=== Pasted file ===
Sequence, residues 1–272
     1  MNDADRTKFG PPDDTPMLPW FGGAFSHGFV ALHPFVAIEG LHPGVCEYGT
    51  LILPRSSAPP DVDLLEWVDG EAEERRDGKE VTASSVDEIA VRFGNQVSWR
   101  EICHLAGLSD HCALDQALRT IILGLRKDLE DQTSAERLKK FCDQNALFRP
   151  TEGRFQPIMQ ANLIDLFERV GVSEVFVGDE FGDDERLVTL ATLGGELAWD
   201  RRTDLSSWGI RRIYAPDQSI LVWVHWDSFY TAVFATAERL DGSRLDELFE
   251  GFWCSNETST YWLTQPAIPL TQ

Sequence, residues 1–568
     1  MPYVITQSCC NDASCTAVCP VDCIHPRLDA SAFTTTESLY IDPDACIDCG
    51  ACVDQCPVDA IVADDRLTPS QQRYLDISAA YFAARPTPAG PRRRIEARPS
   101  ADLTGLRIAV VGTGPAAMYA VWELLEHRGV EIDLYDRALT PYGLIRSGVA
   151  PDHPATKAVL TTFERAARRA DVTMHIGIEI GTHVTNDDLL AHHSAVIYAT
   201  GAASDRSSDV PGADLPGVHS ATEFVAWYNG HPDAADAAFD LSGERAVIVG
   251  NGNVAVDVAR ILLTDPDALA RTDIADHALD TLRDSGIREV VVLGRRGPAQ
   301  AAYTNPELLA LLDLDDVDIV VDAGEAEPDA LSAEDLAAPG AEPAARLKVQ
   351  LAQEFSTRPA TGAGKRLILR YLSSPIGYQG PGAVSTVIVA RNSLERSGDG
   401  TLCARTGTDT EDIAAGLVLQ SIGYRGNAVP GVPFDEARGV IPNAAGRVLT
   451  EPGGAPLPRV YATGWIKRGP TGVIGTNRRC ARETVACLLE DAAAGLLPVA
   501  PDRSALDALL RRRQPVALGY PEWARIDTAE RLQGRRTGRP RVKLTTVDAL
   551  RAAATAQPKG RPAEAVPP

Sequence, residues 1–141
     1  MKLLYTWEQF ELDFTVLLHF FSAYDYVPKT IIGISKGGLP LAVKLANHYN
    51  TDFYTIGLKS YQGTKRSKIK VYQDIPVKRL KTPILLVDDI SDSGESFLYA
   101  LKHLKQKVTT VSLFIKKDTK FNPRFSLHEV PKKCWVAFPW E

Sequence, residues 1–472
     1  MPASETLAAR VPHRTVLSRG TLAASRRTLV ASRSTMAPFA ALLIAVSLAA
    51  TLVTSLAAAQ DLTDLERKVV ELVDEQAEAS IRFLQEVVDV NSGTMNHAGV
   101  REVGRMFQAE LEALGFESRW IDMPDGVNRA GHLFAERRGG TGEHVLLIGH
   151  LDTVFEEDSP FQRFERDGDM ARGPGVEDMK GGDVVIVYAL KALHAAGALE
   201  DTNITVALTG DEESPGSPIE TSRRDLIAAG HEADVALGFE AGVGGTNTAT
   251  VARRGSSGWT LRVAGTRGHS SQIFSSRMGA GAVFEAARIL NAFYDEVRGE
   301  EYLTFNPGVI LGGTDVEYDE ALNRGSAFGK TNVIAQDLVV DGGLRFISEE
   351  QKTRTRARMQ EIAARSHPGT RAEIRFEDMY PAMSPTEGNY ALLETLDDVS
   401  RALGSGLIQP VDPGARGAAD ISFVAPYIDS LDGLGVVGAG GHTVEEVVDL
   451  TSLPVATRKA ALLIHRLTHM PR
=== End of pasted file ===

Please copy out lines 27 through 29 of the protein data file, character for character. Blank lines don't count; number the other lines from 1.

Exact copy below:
    51  TLVTSLAAAQ DLTDLERKVV ELVDEQAEAS IRFLQEVVDV NSGTMNHAGV
   101  REVGRMFQAE LEALGFESRW IDMPDGVNRA GHLFAERRGG TGEHVLLIGH
   151  LDTVFEEDSP FQRFERDGDM ARGPGVEDMK GGDVVIVYAL KALHAAGALE